“A lot of these bands that people will mention to me, I don’t think they sound close,” Spencer said. “We’ve always been more of a punk band and quite more experimental. We’re not very traditional. We are a rock ’n’ roll band, but we’re not recycling the early-’70s sounds and styles.”

Since 1991, the Jon Spencer Blues Explosion lineup has remained consistent, with Judah Bauer (lead guitar) and Russell Simins (drums) remaining in the fold. The band’s most-recent release, Meat+Bone, was well-received by critics.

As for playing at Coachella, Spencer was brutally honest in his assessment.

“I think the festivals we have in the States are modeled after the big European festivals,” Spencer said. “It’s nice to see a lot of festivals here in the States, and we’re very happy to be asked to play Coachella.”

Published in Previews

The band that arguably had the most influence in Los Angeles’ 1980s music scene was neither the Red Hot Chili Peppers nor Jane’s Addiction. It was a band called Fishbone—and that band will be playing at Coachella on Sunday, April 13 and 20.

While many contemporaries in the L.A. music scene went on to have great mainstream success, Fishbone struggled—but despite years of heartbreak and failure, Fishbone keeps on going.

The story of Fishbone goes back to 1979. John Norwood Fisher (bass), Phillip “Fish” Fisher (drums), Kendall Jones (guitar), Chris Dowd (keyboards and trumpet) and “Dirty” Walter Kibby (trumpet and vocals) were placed in a busing program that took them from South Central L.A. to a junior high school in the San Fernando Valley. In school, they met a local by the name of Angelo Moore (vocals), who would bring all of them together to start a band influenced by funk, punk, reggae and ska. In fact, they were the first band to bring the “funk to the punk,” according to the 2010 documentary Everyday Sunshine: The Story of Fishbone. The all-African-American band simultaneously enthralled and confused both white and black audiences.

During a recent phone interview, Norwood Fisher said that being bused to the San Fernando Valley definitely changed his perspective when it came to music.

“It absolutely had an impact on a certain level,” Fisher said. “It brought me closer to the conversation of punk rock. In the hood back in ’79 to ’83, no one was playing punk rock. Plus, when we would sit around and talk about who was the best guitarist in the world, we’d be like, ‘JIMI HENDRIX!’ Some white dude would say, ‘JIMMY PAGE!’ And then one time, somebody said, ‘FRANK ZAPPA!’ I didn’t own any of (Zappa’s) records, so I had to find Dr. Demento on the radio, who would play Frank Zappa, and I was like, ‘THAT’S THAT GUY!’ I was really able to dig in to Frank Zappa that way.”

The band began playing shows in the Los Angeles punk scene, and formed close bonds with local musicians including the members of the Red Hot Chili Peppers and Thelonious Monster, both of which started in 1983. They would later befriend the members of Jane’s Addiction, too. It was a time when the Los Angeles music scene having an impact on the world.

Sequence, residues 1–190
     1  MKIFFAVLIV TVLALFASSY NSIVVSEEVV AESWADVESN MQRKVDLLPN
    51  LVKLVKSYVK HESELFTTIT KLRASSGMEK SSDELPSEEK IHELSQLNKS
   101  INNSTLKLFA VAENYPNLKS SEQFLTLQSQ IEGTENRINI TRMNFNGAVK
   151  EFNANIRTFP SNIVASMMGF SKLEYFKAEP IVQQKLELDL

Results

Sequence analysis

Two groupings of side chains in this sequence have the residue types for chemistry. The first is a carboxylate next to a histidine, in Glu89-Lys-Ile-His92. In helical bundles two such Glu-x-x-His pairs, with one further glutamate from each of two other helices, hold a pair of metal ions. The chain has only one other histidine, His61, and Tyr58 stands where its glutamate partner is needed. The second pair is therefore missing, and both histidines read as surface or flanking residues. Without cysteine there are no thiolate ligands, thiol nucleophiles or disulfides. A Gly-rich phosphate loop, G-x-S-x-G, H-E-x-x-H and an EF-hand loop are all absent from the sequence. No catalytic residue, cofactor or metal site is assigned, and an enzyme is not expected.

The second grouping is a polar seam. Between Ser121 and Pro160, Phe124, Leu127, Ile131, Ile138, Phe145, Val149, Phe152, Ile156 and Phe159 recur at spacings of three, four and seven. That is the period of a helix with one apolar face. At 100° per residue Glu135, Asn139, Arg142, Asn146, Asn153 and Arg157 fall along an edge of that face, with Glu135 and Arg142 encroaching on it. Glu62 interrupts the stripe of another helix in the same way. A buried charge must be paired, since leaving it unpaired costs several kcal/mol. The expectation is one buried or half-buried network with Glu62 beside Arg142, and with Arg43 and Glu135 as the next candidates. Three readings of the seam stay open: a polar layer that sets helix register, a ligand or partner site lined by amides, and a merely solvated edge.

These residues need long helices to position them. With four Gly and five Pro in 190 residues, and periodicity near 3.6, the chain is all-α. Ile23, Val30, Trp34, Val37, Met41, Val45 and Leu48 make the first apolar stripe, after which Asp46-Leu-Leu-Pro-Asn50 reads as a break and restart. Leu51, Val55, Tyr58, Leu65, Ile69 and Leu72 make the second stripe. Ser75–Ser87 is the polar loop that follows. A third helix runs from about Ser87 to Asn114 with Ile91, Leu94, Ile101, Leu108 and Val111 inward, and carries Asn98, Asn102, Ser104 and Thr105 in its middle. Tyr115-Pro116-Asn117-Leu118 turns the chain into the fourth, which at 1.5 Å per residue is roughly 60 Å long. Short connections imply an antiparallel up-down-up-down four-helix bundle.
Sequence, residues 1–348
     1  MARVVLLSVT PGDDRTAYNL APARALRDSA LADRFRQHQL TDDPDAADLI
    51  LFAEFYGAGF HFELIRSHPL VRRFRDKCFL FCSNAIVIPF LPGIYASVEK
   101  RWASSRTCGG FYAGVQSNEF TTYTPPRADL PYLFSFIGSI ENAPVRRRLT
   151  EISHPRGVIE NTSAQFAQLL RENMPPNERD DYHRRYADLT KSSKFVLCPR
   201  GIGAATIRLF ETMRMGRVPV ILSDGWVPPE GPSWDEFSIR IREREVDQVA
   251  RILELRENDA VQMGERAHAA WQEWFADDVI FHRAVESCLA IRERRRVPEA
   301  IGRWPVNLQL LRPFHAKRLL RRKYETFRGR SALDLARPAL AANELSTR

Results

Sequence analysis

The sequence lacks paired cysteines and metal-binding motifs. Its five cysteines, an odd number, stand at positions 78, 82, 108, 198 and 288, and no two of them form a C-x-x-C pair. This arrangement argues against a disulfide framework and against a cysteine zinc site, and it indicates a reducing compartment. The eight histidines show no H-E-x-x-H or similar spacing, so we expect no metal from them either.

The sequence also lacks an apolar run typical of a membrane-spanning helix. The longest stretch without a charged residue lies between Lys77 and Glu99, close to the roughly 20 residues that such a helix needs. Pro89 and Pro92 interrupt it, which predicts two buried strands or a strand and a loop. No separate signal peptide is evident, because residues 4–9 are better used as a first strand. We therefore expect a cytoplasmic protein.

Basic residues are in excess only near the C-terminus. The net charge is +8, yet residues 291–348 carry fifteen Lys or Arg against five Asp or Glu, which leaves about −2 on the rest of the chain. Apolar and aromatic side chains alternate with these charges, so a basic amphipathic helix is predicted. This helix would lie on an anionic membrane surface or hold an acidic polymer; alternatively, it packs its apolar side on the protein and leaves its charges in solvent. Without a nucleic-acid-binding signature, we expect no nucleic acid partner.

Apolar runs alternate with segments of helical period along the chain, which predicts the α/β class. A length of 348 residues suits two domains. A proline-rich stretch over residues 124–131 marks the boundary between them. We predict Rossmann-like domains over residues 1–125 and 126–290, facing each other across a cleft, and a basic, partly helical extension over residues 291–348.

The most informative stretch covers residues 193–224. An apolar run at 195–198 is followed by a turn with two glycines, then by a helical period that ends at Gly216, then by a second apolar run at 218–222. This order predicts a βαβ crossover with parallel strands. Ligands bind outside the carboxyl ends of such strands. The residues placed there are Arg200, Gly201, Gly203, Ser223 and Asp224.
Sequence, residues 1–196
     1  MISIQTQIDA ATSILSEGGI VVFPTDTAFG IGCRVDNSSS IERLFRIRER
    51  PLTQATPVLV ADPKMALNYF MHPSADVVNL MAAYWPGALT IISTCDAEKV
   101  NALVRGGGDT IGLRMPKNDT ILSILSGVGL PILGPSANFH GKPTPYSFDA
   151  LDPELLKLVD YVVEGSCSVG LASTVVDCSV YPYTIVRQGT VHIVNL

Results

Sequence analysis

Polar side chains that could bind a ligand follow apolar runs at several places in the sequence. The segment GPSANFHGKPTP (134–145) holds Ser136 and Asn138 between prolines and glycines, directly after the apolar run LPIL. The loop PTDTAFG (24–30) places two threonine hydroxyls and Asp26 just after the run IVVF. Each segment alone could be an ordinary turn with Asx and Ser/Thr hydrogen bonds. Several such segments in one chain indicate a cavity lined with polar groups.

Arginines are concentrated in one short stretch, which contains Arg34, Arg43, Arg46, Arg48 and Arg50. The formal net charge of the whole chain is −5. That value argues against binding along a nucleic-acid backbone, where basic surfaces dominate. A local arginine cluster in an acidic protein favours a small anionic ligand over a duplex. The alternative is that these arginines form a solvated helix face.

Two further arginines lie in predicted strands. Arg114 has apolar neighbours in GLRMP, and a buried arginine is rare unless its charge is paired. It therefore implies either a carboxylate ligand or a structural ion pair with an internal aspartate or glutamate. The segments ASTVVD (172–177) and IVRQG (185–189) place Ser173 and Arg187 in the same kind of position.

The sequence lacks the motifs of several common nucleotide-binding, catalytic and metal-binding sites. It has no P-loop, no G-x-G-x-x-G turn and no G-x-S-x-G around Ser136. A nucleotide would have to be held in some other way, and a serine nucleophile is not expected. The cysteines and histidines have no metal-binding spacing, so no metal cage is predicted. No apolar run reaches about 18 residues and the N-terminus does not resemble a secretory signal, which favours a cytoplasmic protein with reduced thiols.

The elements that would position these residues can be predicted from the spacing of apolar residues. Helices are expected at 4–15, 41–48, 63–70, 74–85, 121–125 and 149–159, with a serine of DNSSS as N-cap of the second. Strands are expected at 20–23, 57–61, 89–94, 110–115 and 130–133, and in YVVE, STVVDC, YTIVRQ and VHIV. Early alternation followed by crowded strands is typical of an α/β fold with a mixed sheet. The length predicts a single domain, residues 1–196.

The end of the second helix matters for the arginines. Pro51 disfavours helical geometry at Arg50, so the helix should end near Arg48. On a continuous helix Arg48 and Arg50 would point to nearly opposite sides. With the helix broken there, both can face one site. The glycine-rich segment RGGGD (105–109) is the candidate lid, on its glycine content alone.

“It really looked like a pinnacle point for underground music,” Fisher said. “Looking back, everything in L.A. was on fire. The dance clubs, the live music of all kinds—hip hop, reggae, punk, the East L.A. sound, and East L.A. punk—and Fishbone were mixing it all up; so were the Chili Peppers. There was this rockabilly scene that was vibrant, and there was just a lot going on. It was the time when you could go to any club, and fall in, and hear some really good music.”

Although Fishbone was influencing numerous musicians and playing epic live shows, the record labels didn’t know what to do with the band. Columbia Records was the first of many labels to sign the group, in 1983. The label first released a self-titled EP—which featured the track “Party at Ground Zero”—in 1985.

“Even through the confusion, I can see where Columbia Records was doing its best,” Fisher said. “They were used to a cookie cutter, easy-to-understand world. The fact that we confused them didn’t mean they didn’t work their asses off.”

Much later, representatives of a record label came clean about their feelings regarding Fishbone.

“We were with Hollywood Records and did The Psychotic Friends Nuttwerx (in 2000), and they told us, ‘We were always afraid of the Fishbone project.’”

In the late ’80s and early ’90s, the band members began to add a metal sound to their music; for example, listen to their cover of Curtis Mayfield’s “Freddie’s Dead,” and tracks such as “Fight the Youth” and “Sunless Saturday.” Fishbone’s 1991 album, The Reality of My Surroundings, was critically acclaimed and earned them their biggest commercial success. Perry Farrell of Jane’s Addiction also invited the band to play on the Lollapalooza tour in 1993.

However, things began to fall apart right before Lollapalooza, when Kendall Jones joined a Christian religious cult led by his estranged father, who was in Northern California. Fisher, along with some of Jones’ siblings, went to try to bring Jones back. A scuffle ensured; Jones and his father later filed attempted-kidnapping charges against Fisher. Fisher assembled a top-notch legal team and was eventually acquitted, but only after a costly trial; many people contributed to Fisher’s legal fund, and bands such as Tool and Alice in Chains played benefits for him.